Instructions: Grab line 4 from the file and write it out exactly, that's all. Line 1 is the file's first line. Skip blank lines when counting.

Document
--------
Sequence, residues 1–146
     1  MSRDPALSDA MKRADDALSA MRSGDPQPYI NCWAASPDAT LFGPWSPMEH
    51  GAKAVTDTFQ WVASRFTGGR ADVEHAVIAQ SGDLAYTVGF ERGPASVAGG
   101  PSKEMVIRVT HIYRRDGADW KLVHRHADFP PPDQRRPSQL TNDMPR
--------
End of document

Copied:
   101  PSKEMVIRVT HIYRRDGADW KLVHRHADFP PPDQRRPSQL TNDMPR